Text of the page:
On a “true question of jurisdiction,” the Ontario court tells us, the ruling of the Arbitral Tribunal is to be assessed for its “correctness.” The Court draws our attention back to the Ontario Court of Appeal decision in Mexico v. Cargill, Inc. (2011 ONCA 622, available on, a case that involved an application under Art. 34 of the Model Law to annul a final award in a Toronto-seated NAFTA Chapter 11 case. In Cargill the Tribunal had awarded lost profits damages in two categories held to have resulted from Mexico’s unfair and inequitable treatment of Cargill’s investment in Mexico: lost profits on corn syrup sales of a Cargill Mexican subsidiary to customers in Mexico, and lost profits of Cargill in the US on corn syrup sales to the Cargill Mexican subsidiary.

Whether the latter category of damages was properly awarded based on NAFTA Chapter 11 provisions that permitted an investor to recover only for injury to the investor’s investment caused by actions taken by the State in regard to the investment was not “a true question of jurisdiction”, but an integral element of the merits, held the Ontario appeal court in Cargill. On that question, said the court,  the Tribunal’s award was entitled to deference, but had the question been, for example, whether an investor admitting to UK nationality could bring a claim under NAFTA Chapter 11, that would have presented a “true question of jurisdiction” on which the Tribunal’s decision would have had to be assessed for its correctness. The Cargill court in this regard had invoked the much-discussed and then rather recent decision of the UK Supreme Court in the Dallah v Pakistan case (Dallah Real Estate and Tourism Holding Co. v. Ministry of Religious Affairs, Government of Pakistan, [2010] UKSC 46], available at] where it had been held that whether an arbitration agreement engaged by the religious affairs ministry of the Pakistani State bound the sovereign to arbitrate was indeed a question of jurisdiction to be determined by the Court without deference — “de novo” in US scope of review terms — even in the posture of deciding whether the UK should recognize and enforce the award made in a Paris-seated arbitration.

The Ontario court in Luxtona, invoking Cargill, Dallah, and similar authorities in such Model Law States as New Zealand, Australia, Ireland, and Hong Kong, held that whether and to what extent Russia was bound to arbitrate ECT claims under the Treaty’s “provisional application” clause is such as “true question of jurisdiction,” and, no deference being due on this question to the Tribunal’s determination, it followed that the factual record (in terms of expert opinion evidence) pertinent to the issue should not be limited to the materials the parties had presented to the Tribunal. Model Law Article 16(3), said the court, “can[not] be construed as constraining the court to the four corners of the evidentiary record before the Tribunal still less the findings of fact regarding foreign law made by the Tribunal. The court is directed [by Art. 16(3)] to ‘decide the matter’ and not merely to review the decision of a tribunal whose very existence may or may not have been authorized.” (emphasis supplied).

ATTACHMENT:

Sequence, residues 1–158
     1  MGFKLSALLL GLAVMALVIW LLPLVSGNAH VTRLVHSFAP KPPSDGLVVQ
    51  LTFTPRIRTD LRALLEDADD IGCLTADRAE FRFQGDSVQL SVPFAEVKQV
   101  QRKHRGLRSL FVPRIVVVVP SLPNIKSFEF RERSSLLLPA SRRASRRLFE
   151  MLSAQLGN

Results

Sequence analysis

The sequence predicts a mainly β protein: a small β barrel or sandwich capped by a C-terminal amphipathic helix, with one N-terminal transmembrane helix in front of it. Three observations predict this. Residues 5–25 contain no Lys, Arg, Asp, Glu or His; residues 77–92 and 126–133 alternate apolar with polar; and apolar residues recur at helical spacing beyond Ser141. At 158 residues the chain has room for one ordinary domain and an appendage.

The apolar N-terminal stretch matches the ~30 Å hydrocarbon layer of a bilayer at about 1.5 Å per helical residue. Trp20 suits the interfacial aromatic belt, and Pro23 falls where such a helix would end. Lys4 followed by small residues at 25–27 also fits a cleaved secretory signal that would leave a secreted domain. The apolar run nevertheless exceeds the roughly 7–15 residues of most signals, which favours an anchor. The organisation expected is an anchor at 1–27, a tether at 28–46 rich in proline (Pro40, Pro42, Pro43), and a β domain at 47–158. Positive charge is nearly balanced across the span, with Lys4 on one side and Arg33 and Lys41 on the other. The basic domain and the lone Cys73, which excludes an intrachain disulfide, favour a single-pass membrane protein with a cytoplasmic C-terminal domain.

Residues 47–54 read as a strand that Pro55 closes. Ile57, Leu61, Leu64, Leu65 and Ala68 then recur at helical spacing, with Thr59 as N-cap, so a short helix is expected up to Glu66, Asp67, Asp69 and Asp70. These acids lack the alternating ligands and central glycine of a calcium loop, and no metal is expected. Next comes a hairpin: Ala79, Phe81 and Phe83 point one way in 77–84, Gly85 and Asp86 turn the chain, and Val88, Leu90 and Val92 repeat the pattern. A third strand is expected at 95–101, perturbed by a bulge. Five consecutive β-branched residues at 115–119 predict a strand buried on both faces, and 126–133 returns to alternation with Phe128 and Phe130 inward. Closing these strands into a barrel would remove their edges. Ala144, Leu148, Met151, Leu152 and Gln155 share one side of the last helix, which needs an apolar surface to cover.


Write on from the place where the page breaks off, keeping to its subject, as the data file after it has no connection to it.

Commentators have lamented that US arbitration case law has produced a version of the doctrine of compétence-compétence that, in regard to ultimate judicial control over the exercise of jurisdiction by arbitrators, is quite excessive in comparison to foreign counterparts. Our jurisprudence accepts that the delegation of jurisdiction-deciding power to arbitrators, resulting from the parties’ contractual adoption of arbitration rules conferring such power, is — at least where countervailing considerations are absent— permanent and absolute, putting arbitral decisions on arbitral jurisdiction on the same footing as other arbitral decisions of fact and law that are accorded only limited and deferential judicial review. The lamentation may be said to have two essential components: first, that US courts in their overbroad use of the phrase “arbitrability” have obscured important distinctions that ought to be made among discrete jurisdiction issues that might or might not warrant deference to arbitral determinations (distinctions that are to some extent captured by the Canadian concept of a “true question of jurisdiction”), and, second, that parties’ intentions to delegate essentially final authority over jurisdiction issues to arbitrators are rather tenuously and debatably inferred from the mere incorporation into an arbitration agreement  — especially one whose existence or validity is at issue – of provider rules giving arbitrators power to rule on objections to their jurisdiction.  (See, e.g., G.A. Bermann, Arbitrability Trouble, 23 Am. Rev. Int’l Arb. 367, 374-78 (2012), and for a recent example of the persistence of such “arbitrability trouble” in US case law, see Sygenta Crop Protection LLC v. Insurance Co. of North America, 2018 WL 1587601 at *5 (S.D.N.Y. Mar. 29, 2018) (incorporation into arbitration agreement of AAA Commercial Arbitration Rules “provide[s] an unmistakable delegation to the arbitrator to decide arbitrability”)).